• It may act on a complaint filed by an informant about an anti-trust activity or may take action suo motu.
  • The Commission is also mandated to give its opinion on competition issues to the government or statutory authority and to undertake competition advocacy for creating awareness of competition

Benefits of CCI:

  • It acts as a competition regulator and an anti-trust watchdog for smaller organizations that are unable to defend themselves against large corporations. Thus, its actions have effectively ensured competition, ultimately benefiting the consumer and the economy.
  • CCI has played both administrative and quasi-judicial roles to eliminate practices having adverse effects on competition. It also promotes and sustains competition, protects the interests of end consumers, and ensures freedom of trade in Indian markets.
  • The Commission has also come up with several innovations like the ‘green channel’ provision for automated approval on combinations that do not have appreciable adverse effects on competition and cleared more than 50 of such transactions. Thus, the Commission while ensuring fairness, does support mergers that make economic sense.
  • CCI has conducted several market studies to help the dynamics of the market.

Challenges before CCI:

  • CCI has been called a ‘Toothless regulator’ by critics. Most of the orders of the CCI are under appeal before the National Company Law Appellate Tribunal (NCLAT) or under challenge in the high courts or the Supreme Court. The CCI has collectively fined companies about INR 13,000 crore between 2011-12 and 2018-19. But it has collected less than 1% of it so far.
  • Even though the Competition Act, 2022 represents an improvement from its extremely restrictive predecessor (the MRTP ACT) it remains riddled with loopholes and ambiguities. This creates unnecessary legal uncertainty, which favors lawyers and law firms. For instance, the law allows the CCI to leave some leeway for ‘relative advantage, by way of contribution to the economic development’. This may allow large firms to justify their anti-competitive practices in the name of development.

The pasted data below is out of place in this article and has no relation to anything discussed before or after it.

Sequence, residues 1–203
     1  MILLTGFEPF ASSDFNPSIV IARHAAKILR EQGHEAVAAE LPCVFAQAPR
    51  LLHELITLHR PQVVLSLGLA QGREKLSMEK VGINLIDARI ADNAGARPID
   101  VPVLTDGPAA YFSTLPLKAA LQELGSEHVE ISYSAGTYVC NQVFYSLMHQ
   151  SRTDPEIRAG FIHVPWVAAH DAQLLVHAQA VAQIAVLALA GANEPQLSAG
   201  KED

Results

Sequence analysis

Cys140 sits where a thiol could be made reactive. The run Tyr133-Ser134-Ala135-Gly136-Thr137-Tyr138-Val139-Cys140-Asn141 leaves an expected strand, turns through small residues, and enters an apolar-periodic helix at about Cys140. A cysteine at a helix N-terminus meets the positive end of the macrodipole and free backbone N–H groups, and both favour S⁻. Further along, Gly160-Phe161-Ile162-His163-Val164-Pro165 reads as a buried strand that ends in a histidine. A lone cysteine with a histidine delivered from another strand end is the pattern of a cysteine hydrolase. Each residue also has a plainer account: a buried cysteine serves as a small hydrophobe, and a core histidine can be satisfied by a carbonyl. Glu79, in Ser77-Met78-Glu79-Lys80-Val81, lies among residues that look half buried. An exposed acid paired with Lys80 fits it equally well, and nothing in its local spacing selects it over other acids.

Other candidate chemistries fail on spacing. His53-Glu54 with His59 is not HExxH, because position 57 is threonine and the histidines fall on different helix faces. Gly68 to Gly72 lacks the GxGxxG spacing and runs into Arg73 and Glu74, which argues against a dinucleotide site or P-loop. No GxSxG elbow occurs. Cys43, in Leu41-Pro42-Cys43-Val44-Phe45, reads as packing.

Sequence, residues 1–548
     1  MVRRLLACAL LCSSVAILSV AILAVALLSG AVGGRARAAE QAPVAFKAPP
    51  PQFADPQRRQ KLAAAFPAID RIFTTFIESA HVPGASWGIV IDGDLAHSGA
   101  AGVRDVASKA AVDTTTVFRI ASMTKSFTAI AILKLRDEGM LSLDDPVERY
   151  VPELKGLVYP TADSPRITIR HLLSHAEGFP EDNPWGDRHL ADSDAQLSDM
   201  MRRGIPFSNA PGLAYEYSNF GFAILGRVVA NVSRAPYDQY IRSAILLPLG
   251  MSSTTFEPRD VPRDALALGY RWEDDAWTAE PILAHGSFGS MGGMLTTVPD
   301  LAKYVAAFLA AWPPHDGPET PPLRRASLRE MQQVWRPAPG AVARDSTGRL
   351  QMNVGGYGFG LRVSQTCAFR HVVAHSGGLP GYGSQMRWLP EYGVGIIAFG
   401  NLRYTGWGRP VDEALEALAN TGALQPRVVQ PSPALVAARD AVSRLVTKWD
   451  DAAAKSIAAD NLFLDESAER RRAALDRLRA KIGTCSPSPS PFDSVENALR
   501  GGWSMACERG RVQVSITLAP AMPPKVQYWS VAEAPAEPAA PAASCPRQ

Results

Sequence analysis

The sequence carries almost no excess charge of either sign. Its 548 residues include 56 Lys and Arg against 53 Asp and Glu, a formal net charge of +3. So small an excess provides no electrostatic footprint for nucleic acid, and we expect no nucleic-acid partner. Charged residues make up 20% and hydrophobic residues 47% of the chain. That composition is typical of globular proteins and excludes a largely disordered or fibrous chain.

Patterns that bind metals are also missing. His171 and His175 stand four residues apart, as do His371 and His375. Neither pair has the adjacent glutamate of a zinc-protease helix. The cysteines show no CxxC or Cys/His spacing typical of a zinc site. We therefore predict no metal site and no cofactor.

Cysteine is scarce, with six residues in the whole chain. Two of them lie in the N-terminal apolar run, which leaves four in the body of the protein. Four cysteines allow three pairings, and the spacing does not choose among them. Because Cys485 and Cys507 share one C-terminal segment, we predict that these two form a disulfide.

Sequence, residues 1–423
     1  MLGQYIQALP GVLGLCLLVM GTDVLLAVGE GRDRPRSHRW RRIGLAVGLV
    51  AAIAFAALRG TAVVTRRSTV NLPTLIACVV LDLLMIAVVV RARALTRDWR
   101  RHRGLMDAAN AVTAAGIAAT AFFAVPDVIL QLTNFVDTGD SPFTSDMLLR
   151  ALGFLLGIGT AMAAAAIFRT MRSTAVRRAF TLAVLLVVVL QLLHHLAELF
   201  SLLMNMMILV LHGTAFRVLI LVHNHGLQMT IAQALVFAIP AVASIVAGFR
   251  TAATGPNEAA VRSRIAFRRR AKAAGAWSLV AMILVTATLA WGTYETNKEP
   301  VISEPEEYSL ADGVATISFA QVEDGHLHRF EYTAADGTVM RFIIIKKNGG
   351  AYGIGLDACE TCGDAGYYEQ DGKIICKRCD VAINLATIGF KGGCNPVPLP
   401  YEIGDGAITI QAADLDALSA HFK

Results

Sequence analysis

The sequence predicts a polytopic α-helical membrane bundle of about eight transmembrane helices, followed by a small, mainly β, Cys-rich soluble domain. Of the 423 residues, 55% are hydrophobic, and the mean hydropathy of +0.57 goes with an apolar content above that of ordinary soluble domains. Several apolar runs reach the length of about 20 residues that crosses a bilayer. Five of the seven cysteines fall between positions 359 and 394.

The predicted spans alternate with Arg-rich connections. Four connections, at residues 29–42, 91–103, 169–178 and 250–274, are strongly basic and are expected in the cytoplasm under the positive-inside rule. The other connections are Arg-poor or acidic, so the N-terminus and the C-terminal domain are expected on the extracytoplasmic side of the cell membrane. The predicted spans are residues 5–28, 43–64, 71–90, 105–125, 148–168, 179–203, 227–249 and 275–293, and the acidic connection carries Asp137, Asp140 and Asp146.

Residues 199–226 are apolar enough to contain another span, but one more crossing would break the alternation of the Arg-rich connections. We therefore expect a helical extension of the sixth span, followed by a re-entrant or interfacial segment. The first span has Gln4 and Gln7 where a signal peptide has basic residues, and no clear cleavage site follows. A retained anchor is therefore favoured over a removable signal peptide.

• In spheres such as telecom, internet, and big technology, CCI’s functions also overlap with other regulatory bodies such as the Telecom Regulatory Authority of India (TRAI). Moreover, to assess and ensure competition in these spheres, CCI will require staff with specialized knowledge in technology as well as an understanding of modern industrial economics.
  • There is a need for a new market definition for digital technologies. Since, there are no boundaries in the digital space, defining a relevant market has been a tough task for regulators around the world. With the advent of Web 3.0, AI, IoT, Blockchain, and other technological developments, and the emergence of issues like data protection and privacy, search bias, platform neutrality, deep discounting, hostile takeovers, confidentiality, etc, the need for a robust competition law, geared to meet the needs of present-day techno-legal world becomes vital.

Related Links:

Delimitation CommissionFive-Year Plans of India